Build an Outdoor Easy Chair

Create your own cabin-inspired seating that's simple to build and perfect for easy livin'

Once Club member Scott Wallraff completed the weekend-getaway cottage that he designed and built with his wife, Cathy, and their daughter, Mary, he knew it was time for a new project: replacing the metal folding chairs with comfy, complementary indoor seating. Besides matching the cabin's North Woods aesthetic, the new chairs needed to be attractive and sturdy yet swift to assemble and easy on the wallet. Scott did such a great job on all counts that we asked him to share his design with HANDY readers.

Using dimensional pine, Scott designed the chairs' simple parts to be assembled as four basic units for quick, modular construction. That efficiency, along with the casual look of an Adirondack/Morris chair hybrid, makes this a great addition to any getaway spot — whether it's a cabin, a deck or your backyard.

To adapt the chair for outdoor use, we chose cedar and modified the measurements to fit the lumber's heftier (7/8-in.) thickness. Depending on where you plan to use your chair, you could make it from any type of wood; just be sure to check the exact dimensions of the material.

All parts are fastened with exterior-rated glue and deck screws. Be sure to bore pilot holes for all screws to prevent splitting. Add 1/4-in.-deep counterbores for the screws that will be exposed after assembly; you'll conceal the heads with shop-made cedar plugs later.

Assemble the sides
The two sides (which ultimately become the chair's frame) are made from parts A through E (see cutting list, below). Out of the 2x3 stock, cut the four legs (A) to length. If you're using 2x6 boards (see shopping list, in PDF below), rip them down to 2-1/2-in. wide and round over the cut edges.

Cut crosspieces B and C to length, and cut 1/2 x 1/2-in. bevels in the outside ends as shown in the illustration, opposite. These parts will form the outer surfaces of the sides. Build a frame of two legs, one bottom side crosspiece (B) and one top side crosspiece (C), using a framing square to ensure 90-degree joints (photo 1). Note that the top crosspieces will extend 7/8 in. beyond the back leg.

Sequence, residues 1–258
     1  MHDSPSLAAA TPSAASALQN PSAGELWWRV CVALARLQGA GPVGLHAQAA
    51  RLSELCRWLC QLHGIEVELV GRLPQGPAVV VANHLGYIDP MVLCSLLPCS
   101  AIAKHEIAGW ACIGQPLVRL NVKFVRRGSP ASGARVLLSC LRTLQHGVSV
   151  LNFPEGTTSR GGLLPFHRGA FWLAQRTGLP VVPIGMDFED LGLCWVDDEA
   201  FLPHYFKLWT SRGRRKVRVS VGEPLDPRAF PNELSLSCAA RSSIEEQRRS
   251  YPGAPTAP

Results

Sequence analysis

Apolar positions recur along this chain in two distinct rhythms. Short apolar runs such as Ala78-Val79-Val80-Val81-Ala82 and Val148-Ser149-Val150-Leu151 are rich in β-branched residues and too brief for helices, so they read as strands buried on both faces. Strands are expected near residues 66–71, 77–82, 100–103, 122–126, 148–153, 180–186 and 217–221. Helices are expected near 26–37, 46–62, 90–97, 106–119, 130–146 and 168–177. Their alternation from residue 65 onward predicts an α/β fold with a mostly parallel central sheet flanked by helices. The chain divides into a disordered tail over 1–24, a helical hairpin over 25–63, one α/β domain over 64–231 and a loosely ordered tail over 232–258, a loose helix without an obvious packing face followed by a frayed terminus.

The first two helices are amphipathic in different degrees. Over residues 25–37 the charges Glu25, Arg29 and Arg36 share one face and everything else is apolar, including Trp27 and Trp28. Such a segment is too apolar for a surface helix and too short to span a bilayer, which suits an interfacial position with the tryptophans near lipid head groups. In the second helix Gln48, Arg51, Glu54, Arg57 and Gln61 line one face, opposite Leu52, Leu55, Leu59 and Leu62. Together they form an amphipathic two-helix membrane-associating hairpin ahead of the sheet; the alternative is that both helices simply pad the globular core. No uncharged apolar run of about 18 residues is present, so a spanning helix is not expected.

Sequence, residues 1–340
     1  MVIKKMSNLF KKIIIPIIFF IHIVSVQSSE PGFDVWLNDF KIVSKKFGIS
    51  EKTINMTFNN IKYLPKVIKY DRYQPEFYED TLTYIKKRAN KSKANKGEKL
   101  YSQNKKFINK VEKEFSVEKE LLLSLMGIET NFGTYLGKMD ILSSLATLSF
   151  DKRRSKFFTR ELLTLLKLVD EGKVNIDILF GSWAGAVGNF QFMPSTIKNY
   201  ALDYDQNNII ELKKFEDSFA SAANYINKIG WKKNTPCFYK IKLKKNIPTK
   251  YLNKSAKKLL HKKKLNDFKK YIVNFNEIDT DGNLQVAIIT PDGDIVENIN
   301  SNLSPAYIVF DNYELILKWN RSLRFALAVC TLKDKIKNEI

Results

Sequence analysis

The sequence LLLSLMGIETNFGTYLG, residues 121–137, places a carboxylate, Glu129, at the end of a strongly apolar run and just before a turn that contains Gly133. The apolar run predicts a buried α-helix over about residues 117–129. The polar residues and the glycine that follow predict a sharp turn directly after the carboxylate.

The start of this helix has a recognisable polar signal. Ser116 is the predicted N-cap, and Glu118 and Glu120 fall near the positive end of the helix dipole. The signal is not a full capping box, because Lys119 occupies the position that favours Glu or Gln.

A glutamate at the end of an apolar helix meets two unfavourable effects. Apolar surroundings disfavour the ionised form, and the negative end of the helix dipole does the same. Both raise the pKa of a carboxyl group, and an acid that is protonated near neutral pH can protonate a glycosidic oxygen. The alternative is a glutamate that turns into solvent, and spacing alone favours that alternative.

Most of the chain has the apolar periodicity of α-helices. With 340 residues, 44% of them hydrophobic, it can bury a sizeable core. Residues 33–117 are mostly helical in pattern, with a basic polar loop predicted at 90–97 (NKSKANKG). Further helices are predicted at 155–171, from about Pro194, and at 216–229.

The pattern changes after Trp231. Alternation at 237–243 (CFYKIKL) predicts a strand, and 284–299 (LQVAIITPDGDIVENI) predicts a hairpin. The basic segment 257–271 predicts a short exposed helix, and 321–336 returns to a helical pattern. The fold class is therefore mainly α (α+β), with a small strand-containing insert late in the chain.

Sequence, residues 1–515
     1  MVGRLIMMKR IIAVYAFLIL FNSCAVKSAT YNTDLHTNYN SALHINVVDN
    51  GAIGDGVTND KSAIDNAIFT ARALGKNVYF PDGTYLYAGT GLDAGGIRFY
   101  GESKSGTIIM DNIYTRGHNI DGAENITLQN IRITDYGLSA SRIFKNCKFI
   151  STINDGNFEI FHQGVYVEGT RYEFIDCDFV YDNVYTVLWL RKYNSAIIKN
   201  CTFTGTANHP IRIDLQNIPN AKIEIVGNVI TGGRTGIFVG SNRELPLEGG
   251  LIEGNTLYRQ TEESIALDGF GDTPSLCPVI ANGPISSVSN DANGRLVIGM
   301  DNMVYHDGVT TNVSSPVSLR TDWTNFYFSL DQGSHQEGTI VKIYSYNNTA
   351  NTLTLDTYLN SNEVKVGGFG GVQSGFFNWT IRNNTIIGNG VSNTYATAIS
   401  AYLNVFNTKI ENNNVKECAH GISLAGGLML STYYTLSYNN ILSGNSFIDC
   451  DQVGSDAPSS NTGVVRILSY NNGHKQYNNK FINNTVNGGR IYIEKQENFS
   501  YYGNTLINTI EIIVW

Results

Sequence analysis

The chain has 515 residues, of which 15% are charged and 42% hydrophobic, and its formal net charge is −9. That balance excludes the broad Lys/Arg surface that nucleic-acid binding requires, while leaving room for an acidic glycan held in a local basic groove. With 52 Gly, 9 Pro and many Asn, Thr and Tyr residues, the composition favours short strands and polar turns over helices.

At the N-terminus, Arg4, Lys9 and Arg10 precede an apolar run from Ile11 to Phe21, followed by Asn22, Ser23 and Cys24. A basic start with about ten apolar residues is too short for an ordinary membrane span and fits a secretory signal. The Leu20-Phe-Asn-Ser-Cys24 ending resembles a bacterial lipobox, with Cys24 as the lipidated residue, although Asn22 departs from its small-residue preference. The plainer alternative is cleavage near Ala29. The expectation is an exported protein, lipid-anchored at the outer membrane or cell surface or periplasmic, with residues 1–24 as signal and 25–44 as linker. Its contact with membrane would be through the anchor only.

Attach a bottom side crosspiece (B) and then a top side crosspiece (C) to the legs, allowing a 7/8-in. overhang to extend beyond the back leg. The two side panels should be mirror images of each other — not identical. The inner side crosspieces (E) will be attached after the side slats.

Next, cut the side slats (D) to length. Flip the side assembly over and attach the slats, starting at 1-1/2 in. from each leg and leaving a 1-in. gap between the slats (photo 2). Counterbore these pilot holes just deep enough for the screwheads to be flush with the wood. (Plugs will not be necessary because these screws will be hidden.)

For uniformity when attaching the side slats, use a 1-in. spacer between them as you bore the pilot holes and drive the screws. Tip: To save time changing bits on one drill, use two drill/drivers: one to bore and one to drive.

To complete the side assembly, attach the inner side crosspieces (E) between the legs, aligning them with the slat ends. Fasten with two 2-1/2-in. screws at the ends of each piece.

Assemble the seat and back
Two more panels (which are essentially squared-up frames covered with slats) make up the chair's seat and back. To construct the seat, clamp two side seat supports (G) between two horizontal supports (H) and adjust so they are square. Secure the joints using a 2-1/2-in. screws.

Install the seat slats (F), aligning the first and last ones with the seat front and back edges. Attach the slats with two 1-1/4-in. screws at each end. Add the other slats, leaving 1/2-in. gaps (photo 3) between each pair except for the second and third slats — there you need a 1-1/8-in. gap for inserting the chair back. Round over the front and back edges of the chair seat to a 1/8-in. radius, and plug all of the seat's counterbores before assembling the chair.